The use of artificial intelligence was a key part of the innovations the Wisconsin-based megafleet has been honored for.
Brian Stuelpner, Schneider vice president of strategy, planning and architecture, was asked a few questions to learn more about artificial intelligence and how the company is using it in its everyday operations.
HDT: How would you explain artificial intelligence?
Stuelpner: The way I think about artificial intelligence, it’s really a set of capabilities that allow a computer to do something that would have required human intelligence in the past or something that would have taken far too long for a human to do. But in general, I would think of it as just a grouping of capabilities that a computer today can do that traditionally has been kind of in the realm of human intelligence to handle it.
HDT: How is Schneider using artificial intelligence?
Stuelpner: We kind of pride ourselves as being at the leading edge of technology or the history of innovation, and we have several use cases that we are deploying. Most of them are directed at things like improving productivity or improving experiences. I can give you probably three, three examples that I think are relevant. An easy one for us, and one we have been doing for the past couple of years, relates to our customers and our internal associates, and its handling customer email requests. We also have deployed AI in our driver space. We have something that we call ETAI, which really focuses on using artificial intelligence in our estimated time of arrival process. A third one we have been doing for several years is with our third-party carriers. We have a relatively sizable logistics business, and we have used artificial intelligence and machine learning to provide better recommended loads to that carrier population, by understanding their behaviour and their preferences and the choices that they make.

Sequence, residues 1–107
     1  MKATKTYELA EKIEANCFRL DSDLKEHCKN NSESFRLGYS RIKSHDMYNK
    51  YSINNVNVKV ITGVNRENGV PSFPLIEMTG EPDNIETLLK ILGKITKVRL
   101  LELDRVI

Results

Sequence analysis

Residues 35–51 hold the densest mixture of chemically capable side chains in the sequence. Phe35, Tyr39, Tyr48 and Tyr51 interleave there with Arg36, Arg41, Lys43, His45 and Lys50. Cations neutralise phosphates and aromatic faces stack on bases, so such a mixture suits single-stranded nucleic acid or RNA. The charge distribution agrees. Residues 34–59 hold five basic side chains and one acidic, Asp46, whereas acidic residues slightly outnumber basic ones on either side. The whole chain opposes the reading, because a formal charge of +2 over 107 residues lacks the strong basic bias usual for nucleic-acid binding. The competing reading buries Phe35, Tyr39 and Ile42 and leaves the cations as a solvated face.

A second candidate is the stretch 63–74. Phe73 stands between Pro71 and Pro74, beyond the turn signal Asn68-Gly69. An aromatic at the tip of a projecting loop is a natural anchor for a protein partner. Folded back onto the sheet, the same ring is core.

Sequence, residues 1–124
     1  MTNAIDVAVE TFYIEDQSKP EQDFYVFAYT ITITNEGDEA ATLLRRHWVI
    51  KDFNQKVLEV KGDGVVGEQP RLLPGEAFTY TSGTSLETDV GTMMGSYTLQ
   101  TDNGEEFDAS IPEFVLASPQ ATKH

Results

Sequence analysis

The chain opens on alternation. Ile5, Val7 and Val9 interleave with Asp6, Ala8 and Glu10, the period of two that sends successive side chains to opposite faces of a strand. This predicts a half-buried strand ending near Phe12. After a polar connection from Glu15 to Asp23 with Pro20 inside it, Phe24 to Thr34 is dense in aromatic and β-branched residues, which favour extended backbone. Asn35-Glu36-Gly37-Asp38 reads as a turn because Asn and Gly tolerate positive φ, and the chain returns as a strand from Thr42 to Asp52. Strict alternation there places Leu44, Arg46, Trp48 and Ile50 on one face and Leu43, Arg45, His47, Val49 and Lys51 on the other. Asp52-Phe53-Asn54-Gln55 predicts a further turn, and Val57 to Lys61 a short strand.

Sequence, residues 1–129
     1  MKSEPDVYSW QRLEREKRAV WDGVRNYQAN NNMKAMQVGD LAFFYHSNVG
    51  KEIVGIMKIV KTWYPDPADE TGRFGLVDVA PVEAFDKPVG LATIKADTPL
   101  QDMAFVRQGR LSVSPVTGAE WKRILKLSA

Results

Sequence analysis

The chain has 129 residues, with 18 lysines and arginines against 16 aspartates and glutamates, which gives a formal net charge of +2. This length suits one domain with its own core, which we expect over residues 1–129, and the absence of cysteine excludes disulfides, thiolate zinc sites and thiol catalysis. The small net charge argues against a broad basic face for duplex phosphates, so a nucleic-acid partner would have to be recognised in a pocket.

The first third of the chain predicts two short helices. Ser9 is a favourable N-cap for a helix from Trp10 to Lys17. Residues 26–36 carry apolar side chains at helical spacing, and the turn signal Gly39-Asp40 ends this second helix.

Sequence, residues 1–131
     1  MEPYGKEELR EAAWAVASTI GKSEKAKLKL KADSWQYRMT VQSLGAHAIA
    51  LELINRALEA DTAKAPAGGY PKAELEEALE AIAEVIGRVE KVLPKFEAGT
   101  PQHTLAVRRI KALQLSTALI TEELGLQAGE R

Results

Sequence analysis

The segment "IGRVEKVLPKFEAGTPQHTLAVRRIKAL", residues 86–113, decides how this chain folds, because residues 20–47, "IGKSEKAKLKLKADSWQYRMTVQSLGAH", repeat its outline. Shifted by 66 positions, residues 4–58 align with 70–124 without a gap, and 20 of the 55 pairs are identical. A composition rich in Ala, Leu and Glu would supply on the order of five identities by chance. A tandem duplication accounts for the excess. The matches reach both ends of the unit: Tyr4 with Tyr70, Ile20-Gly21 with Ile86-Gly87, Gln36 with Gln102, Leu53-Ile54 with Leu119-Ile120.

HDT: Where do you see the use of AI in trucking in the future?
Stuelpner: It feels like we are kind of in the beginning stages of AI in trucking. I think we are going to continue to see those use cases evolve where automation of certain types of tasks will happen. Humans will take on kind of a higher-value role, which I think we are all looking forward to. The drivers are going to really get to focus on driving, not, shuffling through paperwork, not waiting for information to get phoned to them or come through their in-cab devices. We are going to be able to make better decisions at a speed that we couldn’t really comprehend in the past.